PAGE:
Ethan is able to see everything Foster sees, and he sees that instead of Kevah coming out of the room, Milena, a non-Dex user, comes out. As Milena walks away, Ethan advices Foster to follow Milena. Foster strikes up a conversation with Milena and the two go to Milena’s secret hideaway, an old library with actual books. Milena explains that she’s been having sex with Kaveh so that he won’t make her life difficult. As Ethan pushes Foster to question Milena, Foster has a panic attack. Milena gives Foster tea to help calm her down and explains that she is also from a bubble community. Ethan then tells Foster to rush to the bathroom and vomit because Milena might have poisoned the tea. If Foster was not suspicious of Ethan yet, this was another time to start questioning him.
Gullible and Dangerous
That afternoon, Irene finds out that Foster got a Dex and she warns her daughter that having the Dex undermines the negotiations and everything the bubble regions have worked for. As such, Irene makes Foster get rid of the Dex. The next day the school has a terrorist attack alert and as Dex-less person, Foster cannot go to the safe room with everyone else. However, Ethan is still able to speak with Foster through the hear gel and he tells her that they can only communicate if she goes to a park and sits near ants which have the right frequency for their conversation to transmit. Why is she not even the slightest bit suspicious of this strange request?
Ethan goes on to tells Foster that her psych profile — along with others, including a boy who committed that day’s terrorist attack — has been changed. According to Ethan, Foster has changed because she has been programmed by a ‘Radical Western terrorist’, namely her mother Irene. Foster tells Ethan that she is afraid because she is talking to ants and that her father had mental issues. Ethan screams and curses at Foster to pull it together and listen to him. Back at home Irene and Foster have a talk and Irene tells Foster that she cannot force her ideals upon her and as such she returns the Dex. Foster decides not to wear the Dex for one more day. Instead of discussing Ethan’s claims with her mother, Foster builds a bomb and takes it to school. As Foster runs into the school security turnstiles Milena tries to stop her, but Foster turns on Milena and attacks her. The bomb does not go off and security guards tackle Foster. She looks up in the sky and sees a message that says: ‘Thank you, Foster’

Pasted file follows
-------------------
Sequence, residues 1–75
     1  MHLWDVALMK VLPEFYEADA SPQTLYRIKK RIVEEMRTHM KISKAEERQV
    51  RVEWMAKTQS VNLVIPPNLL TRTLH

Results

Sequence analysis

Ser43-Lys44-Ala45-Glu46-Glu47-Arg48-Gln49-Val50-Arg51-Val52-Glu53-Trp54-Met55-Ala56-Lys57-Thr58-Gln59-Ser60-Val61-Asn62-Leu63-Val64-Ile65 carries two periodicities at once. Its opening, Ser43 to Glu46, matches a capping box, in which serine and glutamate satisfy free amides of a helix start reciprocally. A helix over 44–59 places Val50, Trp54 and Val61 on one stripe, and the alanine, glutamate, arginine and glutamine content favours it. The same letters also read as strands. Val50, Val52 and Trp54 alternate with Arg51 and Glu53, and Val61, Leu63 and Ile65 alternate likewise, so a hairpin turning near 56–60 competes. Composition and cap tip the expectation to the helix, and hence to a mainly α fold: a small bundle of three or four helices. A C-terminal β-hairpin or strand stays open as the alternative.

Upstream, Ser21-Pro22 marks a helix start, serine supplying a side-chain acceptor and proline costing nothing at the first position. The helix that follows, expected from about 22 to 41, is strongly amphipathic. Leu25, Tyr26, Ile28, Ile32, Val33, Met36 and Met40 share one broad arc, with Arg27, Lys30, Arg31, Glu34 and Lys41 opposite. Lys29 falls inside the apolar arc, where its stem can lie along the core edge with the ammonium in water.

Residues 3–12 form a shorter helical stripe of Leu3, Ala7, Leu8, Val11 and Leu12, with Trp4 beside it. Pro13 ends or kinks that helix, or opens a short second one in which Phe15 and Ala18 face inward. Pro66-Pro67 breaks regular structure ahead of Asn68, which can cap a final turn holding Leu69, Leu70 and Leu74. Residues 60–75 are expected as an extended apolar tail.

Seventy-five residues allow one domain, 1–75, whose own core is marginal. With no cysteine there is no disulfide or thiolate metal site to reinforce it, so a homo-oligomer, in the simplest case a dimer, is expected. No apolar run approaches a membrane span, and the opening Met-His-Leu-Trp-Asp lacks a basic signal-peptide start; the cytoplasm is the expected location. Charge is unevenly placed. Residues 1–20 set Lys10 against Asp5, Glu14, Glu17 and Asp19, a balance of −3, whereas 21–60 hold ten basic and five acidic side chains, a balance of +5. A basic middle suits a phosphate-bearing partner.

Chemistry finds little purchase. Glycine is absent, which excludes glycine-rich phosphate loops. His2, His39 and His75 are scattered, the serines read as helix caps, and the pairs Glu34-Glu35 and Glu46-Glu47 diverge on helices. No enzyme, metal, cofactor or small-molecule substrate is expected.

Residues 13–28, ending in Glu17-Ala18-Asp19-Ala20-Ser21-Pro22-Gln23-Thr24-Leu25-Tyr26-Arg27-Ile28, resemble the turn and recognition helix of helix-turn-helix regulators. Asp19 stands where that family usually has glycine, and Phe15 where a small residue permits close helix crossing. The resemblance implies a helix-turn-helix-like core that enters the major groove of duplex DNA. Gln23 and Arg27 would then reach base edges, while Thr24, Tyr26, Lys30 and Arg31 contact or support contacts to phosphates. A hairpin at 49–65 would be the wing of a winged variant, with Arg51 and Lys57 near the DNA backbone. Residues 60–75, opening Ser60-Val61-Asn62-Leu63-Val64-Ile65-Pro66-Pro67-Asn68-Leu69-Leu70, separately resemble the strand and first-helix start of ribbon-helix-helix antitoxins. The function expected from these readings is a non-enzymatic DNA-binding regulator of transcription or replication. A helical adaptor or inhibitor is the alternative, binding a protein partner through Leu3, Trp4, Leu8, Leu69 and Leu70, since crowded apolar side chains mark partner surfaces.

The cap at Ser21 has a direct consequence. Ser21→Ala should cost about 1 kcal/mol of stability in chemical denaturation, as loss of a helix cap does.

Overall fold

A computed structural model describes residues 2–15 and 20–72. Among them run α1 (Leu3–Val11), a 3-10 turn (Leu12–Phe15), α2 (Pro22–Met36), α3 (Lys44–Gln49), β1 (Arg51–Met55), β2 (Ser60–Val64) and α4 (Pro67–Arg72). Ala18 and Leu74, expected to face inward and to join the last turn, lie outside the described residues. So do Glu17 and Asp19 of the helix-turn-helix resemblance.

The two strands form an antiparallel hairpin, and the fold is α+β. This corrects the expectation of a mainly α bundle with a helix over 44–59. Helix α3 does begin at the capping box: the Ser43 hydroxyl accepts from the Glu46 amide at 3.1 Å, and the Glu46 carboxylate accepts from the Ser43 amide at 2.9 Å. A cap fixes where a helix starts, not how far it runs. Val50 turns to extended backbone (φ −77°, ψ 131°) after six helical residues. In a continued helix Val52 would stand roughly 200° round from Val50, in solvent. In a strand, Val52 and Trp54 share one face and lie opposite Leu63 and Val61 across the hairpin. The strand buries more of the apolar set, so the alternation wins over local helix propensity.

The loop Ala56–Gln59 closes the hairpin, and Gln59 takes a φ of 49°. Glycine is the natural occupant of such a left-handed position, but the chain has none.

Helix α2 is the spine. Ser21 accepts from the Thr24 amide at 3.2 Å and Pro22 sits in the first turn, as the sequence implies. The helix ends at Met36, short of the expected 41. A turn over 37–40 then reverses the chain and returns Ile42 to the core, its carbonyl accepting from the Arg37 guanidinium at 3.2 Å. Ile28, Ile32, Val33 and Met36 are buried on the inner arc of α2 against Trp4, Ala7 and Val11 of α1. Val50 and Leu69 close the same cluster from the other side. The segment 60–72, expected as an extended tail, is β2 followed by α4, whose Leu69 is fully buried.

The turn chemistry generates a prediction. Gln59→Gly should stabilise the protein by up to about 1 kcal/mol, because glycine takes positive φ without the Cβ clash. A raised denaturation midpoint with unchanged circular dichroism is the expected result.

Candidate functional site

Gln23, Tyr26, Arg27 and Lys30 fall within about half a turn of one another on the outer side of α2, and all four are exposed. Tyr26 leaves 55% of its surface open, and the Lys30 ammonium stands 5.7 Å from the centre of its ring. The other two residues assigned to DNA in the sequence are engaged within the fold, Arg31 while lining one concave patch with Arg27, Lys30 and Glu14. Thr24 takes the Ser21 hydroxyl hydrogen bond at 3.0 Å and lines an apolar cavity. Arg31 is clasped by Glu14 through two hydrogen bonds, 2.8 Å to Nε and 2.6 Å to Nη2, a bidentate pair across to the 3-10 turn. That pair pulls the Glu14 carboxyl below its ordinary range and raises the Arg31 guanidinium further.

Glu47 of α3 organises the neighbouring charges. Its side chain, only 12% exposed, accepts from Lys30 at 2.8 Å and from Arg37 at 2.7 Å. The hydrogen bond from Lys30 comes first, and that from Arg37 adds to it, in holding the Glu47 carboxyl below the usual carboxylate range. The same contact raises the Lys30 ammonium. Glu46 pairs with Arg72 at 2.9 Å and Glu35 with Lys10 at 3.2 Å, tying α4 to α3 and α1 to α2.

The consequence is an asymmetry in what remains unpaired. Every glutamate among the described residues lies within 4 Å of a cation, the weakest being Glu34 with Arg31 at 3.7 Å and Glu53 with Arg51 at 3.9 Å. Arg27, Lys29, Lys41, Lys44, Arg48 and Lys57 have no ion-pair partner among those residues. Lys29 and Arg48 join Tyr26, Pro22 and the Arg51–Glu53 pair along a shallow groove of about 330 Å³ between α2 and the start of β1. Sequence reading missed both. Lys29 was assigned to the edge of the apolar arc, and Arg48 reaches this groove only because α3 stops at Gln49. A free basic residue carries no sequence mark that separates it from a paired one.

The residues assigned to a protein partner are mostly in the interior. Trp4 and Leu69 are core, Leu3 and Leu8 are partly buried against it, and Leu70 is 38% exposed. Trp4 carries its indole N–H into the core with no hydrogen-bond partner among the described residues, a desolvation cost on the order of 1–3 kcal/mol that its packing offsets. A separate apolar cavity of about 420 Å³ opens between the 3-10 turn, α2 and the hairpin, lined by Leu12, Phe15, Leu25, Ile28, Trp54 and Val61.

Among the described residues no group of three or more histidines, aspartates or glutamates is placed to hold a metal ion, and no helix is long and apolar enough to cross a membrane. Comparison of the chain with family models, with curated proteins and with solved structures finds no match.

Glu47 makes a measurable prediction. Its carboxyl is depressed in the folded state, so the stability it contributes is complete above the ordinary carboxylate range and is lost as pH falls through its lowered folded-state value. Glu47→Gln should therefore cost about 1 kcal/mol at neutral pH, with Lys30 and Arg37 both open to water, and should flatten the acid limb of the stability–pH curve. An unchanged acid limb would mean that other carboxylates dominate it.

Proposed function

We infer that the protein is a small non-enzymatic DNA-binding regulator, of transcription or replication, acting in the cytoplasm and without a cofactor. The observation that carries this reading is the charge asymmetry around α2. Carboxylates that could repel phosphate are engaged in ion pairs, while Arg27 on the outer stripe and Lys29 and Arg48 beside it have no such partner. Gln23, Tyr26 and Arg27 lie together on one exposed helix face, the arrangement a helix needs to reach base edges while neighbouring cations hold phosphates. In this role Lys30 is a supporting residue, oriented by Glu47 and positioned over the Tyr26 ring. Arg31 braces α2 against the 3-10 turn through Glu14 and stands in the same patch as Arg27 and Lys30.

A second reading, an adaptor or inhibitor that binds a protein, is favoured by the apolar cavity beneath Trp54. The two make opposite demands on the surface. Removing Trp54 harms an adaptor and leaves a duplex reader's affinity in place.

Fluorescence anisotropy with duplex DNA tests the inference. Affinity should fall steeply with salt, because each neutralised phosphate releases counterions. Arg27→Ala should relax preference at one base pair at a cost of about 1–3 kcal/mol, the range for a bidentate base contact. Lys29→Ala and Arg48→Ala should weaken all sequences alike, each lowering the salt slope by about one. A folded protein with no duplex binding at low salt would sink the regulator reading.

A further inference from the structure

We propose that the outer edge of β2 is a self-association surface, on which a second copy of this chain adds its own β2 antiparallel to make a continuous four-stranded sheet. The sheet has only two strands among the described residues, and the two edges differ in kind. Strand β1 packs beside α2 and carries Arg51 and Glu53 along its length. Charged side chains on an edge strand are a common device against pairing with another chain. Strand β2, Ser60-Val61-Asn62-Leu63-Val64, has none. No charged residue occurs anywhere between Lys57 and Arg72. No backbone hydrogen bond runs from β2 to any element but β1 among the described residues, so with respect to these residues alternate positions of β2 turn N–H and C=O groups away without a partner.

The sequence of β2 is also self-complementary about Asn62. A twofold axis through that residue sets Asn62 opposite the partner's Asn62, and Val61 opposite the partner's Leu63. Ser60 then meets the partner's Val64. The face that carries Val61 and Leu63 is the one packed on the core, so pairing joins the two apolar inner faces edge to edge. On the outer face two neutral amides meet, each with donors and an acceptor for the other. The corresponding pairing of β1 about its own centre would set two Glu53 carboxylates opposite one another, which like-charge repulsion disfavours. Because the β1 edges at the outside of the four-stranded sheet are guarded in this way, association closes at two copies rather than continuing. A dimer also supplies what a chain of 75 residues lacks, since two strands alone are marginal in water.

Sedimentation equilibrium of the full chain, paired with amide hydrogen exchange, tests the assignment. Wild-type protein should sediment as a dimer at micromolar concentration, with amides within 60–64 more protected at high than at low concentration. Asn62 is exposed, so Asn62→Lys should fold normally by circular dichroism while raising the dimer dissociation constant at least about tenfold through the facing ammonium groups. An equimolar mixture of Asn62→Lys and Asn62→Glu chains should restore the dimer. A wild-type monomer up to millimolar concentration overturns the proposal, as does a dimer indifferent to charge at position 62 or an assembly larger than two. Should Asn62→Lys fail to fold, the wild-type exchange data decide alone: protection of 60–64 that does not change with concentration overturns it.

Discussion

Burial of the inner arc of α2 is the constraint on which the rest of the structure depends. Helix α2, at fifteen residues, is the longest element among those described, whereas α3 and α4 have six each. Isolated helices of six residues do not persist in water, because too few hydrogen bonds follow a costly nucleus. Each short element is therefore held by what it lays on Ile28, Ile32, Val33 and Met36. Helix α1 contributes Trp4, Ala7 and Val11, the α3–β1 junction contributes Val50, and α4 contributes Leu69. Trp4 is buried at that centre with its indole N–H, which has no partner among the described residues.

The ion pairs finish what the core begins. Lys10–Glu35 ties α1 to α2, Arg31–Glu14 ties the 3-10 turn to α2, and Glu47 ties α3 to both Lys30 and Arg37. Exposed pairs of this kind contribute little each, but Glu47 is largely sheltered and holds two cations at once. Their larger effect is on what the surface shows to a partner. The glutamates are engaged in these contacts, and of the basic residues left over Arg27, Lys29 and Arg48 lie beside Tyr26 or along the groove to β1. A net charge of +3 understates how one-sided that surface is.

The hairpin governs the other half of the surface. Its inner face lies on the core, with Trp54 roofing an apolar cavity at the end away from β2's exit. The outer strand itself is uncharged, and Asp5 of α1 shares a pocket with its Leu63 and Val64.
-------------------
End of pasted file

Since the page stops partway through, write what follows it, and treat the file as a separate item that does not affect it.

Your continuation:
Two months later, Odin, the representative who was negotiating with Irene, makes a statement at a press conference. The official story is that Irene trained Foster to become a terrorist, but Foster bravely resisted and recovered. Due to the failed attack, the government has created a mandatory student tracking policy that will be conducted using SIMI technology and subsidized by the government. Foster makes a speech and at the end goes off text by rambling about people needing someone to trust and the need to not only be safe but comfortable. Ethan whisks her off the stage offering to take her out to lunch. The episode ends with quick flashbacks in time where Ethan discovers that Foster ordered a Dex. From there, the behind the scenes manipulation of Ethan’s interactions with Foster are shown to be carefully choreographed. Ethan was a plant whose task was to use Foster to help bring down Irene.
Moral of the story: Your parents are actually right; Don’t trust random dudes who pretend to be your friends; Don’t try to fit in to the point that you don’t trust the right people; It pays to be inquisitive and slightly suspicious.
Thoughts and Observations
- Foster annoyed me. You would think the daughter of a woman like Irene would at least be slightly skeptical and question things more. But despite that, I couldn’t help but feel sad for her. She was so naïve and desperate for friends. Annalise Basso portrayal really highlighted Foster’s desperation.
- Kaveh was disgusting.
- Milena was the only likeable character besides Irene.